Grass is an extremely resilient plant in general. But a particular species of turfgrass – Paspalum vaginatum (colloquially known as seashore paspalum) – which has been used to pad soccer fields recently built in Qatar for the World Cup, can tolerate stresses diverse and lethal enough to rival cactuses or camels. Now, a team of researchers led by the University of Nebraska-Lincoln has argued that seashore paspalum may soon assist another goal – growing crops which yield more food with less of the fertilizer that imposes significant costs on farmers, ecosystems, and water resources.
Since mid-20th century, the application of fertilizers such as nitrogen and phosphorous has skyrocketed, in order to boost plant growth. However, the seashore paspalum does not seem to need much of these nutrients, a surprising feature which sets it apart from its close relatives such as corn and sorghum.
By analyzing this plant’s genes and gene expression, the scientists discovered that it responds to a lack of nutrients by nearly doubling its production of a sugary molecule called trehalose. Although corn and sorghum naturally churn out some of the same molecule, the researchers saw no change in its production among these two nutrient-starved crops.
Unfortunately, trying to increase trehalose in corn proved ineffective. “So I thought about it in the opposite way,” said study lead author Guangchao Sun, a bioinformatician at the Mayo Clinic. “If I cannot supply trehalose to the plants, what if I stopped its degradation in those plants?”
By using an antibiotic that can inhibit the enzyme responsible for degrading trehalose, the scientists finally succeeded in cranking up the trehalose levels in corn and, within days, the crops started growing more. According to Sun and his colleagues, these changes also relied on autophagy – a “recycling program” in plant cells that takes apart old or damaged proteins, then reassembles them into new, functioning ones.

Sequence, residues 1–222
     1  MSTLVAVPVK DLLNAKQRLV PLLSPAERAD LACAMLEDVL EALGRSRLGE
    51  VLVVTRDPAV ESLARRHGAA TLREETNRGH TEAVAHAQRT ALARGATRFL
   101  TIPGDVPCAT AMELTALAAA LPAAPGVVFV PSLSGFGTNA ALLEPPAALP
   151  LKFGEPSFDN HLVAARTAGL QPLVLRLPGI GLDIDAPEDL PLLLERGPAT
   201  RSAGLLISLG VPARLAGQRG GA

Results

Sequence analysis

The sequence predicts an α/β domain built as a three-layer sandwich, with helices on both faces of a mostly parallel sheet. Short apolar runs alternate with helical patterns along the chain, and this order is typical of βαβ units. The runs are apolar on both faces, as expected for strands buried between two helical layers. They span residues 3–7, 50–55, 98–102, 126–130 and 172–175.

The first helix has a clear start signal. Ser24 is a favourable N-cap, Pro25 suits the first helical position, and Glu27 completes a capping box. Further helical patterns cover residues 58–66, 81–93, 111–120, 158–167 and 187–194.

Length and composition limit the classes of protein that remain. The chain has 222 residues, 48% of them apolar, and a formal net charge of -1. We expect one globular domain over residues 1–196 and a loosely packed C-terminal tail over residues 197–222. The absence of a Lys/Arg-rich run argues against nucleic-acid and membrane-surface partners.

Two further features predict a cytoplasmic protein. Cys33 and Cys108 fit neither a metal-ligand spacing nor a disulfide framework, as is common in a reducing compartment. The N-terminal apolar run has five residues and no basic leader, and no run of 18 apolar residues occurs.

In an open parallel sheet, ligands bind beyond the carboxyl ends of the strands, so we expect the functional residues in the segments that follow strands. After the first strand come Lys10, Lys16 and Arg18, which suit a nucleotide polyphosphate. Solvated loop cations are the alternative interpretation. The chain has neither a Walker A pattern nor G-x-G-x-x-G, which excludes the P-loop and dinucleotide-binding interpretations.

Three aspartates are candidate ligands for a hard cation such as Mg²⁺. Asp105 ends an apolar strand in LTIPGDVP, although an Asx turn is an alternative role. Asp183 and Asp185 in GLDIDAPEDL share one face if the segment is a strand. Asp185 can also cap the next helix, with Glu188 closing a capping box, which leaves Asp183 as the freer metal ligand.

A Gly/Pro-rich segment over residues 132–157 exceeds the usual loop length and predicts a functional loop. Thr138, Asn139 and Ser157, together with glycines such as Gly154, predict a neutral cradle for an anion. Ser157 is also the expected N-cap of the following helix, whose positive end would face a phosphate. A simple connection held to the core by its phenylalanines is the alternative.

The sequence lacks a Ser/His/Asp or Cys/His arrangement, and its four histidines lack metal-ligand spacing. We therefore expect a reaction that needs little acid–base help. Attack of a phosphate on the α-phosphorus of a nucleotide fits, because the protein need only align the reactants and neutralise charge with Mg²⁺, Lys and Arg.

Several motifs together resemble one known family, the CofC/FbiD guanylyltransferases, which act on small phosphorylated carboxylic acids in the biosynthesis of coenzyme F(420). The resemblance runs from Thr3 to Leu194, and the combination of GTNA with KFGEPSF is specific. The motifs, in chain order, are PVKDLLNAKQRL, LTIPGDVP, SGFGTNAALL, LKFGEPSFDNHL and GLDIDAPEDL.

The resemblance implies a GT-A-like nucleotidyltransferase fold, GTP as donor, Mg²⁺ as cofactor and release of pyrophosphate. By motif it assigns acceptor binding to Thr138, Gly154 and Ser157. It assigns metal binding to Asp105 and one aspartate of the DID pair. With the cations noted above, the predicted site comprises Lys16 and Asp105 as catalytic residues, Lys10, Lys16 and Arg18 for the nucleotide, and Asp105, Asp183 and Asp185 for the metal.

Eventually, the team managed to develop a mutant of corn which lacked the ability to engage the final stage of recycling. Moreover, even with a surplus of trehalose, the mutant failed to thrive when deprived of essential nutrients such as nitrogen or phosphorous, marking autophagy as an equally important facet of the resilience.
According to Sun, there are still other things to do before scientists will clearly understand seashore paspalum’s world-class tolerance. However, he hopes that very soon his team will manage to identify the genes that code for higher trehalose.
“And if you could (introduce) that genomic region into other elite corn varieties — say, some maize that has high yield but is really sensitive to nutrient stress — maybe now you get both a high yield and high resilience,” he concluded.
The study is published in the journal Nature Communications.
By Andrei Ionescu, Earth.com Staff Writer
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